Feb 25 U.S. economic growth could surpass expectations this year, but an anemic labor market requires ongoing support from monetary policy, a top Federal Reserve official said on Monday.
Dennis Lockhart, president of the Federal Reserve Bank of Atlanta, cited strength in sectors such as housing, autos, and energy production and exploration as factors that could push the U.S. economy to grow at a rate beyond his current forecast for a range between 2 percent and 2.5 percent.
"If momentum continues and some of the potholes out there are avoided, particularly a political crisis around fiscal decisions, growth could accelerate," Lockhart said at a conference at the University of Tennessee.
Still, Lockhart said current growth rates were not enough to speed up the drop in unemployment, and he therefore suggested the U.S. central bank will have to maintain its current bond-buying stimulus for much of this year.
"Continuing the asset purchase program to support the recovery and to improve employment conditions remains appropriate for now," he said. "And given the outlook and associated risks, I am comfortable with sticking with the current approach at least into the second half of the year."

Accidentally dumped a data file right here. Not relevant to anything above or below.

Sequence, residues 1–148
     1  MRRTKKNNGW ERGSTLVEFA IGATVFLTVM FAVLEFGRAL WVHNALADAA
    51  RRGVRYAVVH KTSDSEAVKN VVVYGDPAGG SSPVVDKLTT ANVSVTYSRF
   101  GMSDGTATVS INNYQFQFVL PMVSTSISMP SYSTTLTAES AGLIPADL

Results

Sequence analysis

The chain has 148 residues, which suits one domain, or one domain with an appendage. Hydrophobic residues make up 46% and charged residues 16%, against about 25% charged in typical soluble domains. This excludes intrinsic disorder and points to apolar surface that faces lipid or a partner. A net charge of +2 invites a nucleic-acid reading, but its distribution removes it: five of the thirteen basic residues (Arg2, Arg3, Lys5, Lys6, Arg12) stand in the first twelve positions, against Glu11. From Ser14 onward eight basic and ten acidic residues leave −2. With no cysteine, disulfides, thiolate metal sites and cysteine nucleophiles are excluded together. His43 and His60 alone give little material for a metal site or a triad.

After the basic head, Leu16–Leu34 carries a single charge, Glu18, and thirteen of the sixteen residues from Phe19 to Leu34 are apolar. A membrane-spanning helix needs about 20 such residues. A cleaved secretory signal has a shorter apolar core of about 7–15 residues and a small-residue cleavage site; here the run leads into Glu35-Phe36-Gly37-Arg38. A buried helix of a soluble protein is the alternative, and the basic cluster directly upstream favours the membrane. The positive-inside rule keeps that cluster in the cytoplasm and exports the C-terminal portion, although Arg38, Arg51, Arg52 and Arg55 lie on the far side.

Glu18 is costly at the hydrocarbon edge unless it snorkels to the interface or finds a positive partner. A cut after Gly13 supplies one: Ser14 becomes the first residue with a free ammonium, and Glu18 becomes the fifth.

Lockhart said the inflation outlook is currently benign, adding he does not believe the U.S. central bank has reached the point where the potential costs of quantitative easing, or QE, outweigh its benefits.
Lockhart is not a voting member this year on the policy-setting Federal Open Market Committee.
Wall Street was taken aback by minutes from the last couple of Fed policy meetings, given heightened discussion about the policy risks from a prolonged period of low interest rates. The Fed has kept official borrowing costs effectively at zero since the end of 2008, and it has bought more than $2.5 trillion in Treasury and government securities in an effort to push down long-term borrowing costs.
Despite such efforts, the recovery has remained anemic, and unemployment has come down only slowly. The jobless rate remains elevated at 7.9 percent.
Against that backdrop, the Fed recently vowed to keep rates near zero until unemployment falls to 6.5 percent, as long as inflation looks to remain under control.
Lockhart emphasized that full U.S. employment would require a jobless rate even below that level, stressing that the new policy threshold was merely an "interim goal."